Apapa Docks

She stood there in her best blue wrapper and head-tie,
the silent Zenobia, and the sea poured out of her.
She stood there until the ship had pulled out of harbour,
out of sight. Still, she stood there, listening
to the waves against the harbour walls. She looked out
onto the Slave Coats, Bight of Benin, the Atlantic
which had brought Gregorio from Brazil, and Baba.
Forever she stood there, watched the clouds converge,
prayed that her boy Taiwo would be safe on his journey,
happy in his new home. She thought of her marriage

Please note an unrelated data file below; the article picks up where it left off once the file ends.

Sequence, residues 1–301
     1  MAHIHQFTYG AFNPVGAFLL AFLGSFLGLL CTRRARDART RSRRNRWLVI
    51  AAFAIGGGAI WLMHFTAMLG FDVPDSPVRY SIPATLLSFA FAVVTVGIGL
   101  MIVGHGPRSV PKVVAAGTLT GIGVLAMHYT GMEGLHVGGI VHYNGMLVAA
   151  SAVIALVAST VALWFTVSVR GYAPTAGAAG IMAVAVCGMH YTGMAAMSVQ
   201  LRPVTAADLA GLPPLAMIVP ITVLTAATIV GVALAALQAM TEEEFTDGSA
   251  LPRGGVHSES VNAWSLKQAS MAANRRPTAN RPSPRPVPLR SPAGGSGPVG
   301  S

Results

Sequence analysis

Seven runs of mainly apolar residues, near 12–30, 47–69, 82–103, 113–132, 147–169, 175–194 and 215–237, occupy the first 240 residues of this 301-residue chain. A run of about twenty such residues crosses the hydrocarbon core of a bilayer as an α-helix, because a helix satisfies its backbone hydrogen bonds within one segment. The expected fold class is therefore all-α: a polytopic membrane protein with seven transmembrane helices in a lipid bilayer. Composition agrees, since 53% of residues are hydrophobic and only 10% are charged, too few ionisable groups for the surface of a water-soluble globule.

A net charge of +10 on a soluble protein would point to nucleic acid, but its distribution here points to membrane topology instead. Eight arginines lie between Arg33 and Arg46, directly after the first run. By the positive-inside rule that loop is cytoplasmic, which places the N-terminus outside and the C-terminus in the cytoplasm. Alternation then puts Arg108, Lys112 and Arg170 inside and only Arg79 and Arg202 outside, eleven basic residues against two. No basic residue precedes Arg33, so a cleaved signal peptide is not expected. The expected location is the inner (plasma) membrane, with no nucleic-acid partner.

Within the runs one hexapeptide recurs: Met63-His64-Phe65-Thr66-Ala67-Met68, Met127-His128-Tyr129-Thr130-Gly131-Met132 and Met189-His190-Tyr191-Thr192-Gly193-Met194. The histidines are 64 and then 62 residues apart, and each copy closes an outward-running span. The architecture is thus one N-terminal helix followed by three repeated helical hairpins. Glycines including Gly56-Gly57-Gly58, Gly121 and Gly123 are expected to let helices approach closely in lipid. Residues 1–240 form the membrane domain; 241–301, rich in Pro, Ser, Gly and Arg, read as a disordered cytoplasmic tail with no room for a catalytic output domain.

without love, her childhood home in Abeokuta, Kehinde
about to give birth, and Baba – who was watching her now.
And she did not feel the salt sea stream down her face,
did not feel the steady breeze blow in from parts
of the world she would never know; and when the stars
appeared in the deepening sky, she felt a tug at her arm,
it was Kehinde, come to lead her from that place
which gave life, took life, and she knew with a mother’s love
that the sea would not bring her son back.

from Lara (“The family is like water”) (Bloodaxe, 2009), © Bernardine Evaristo, 1997, 2009, used by permission of the author and the publisher.

Bernardine Evaristo in the Poetry Store

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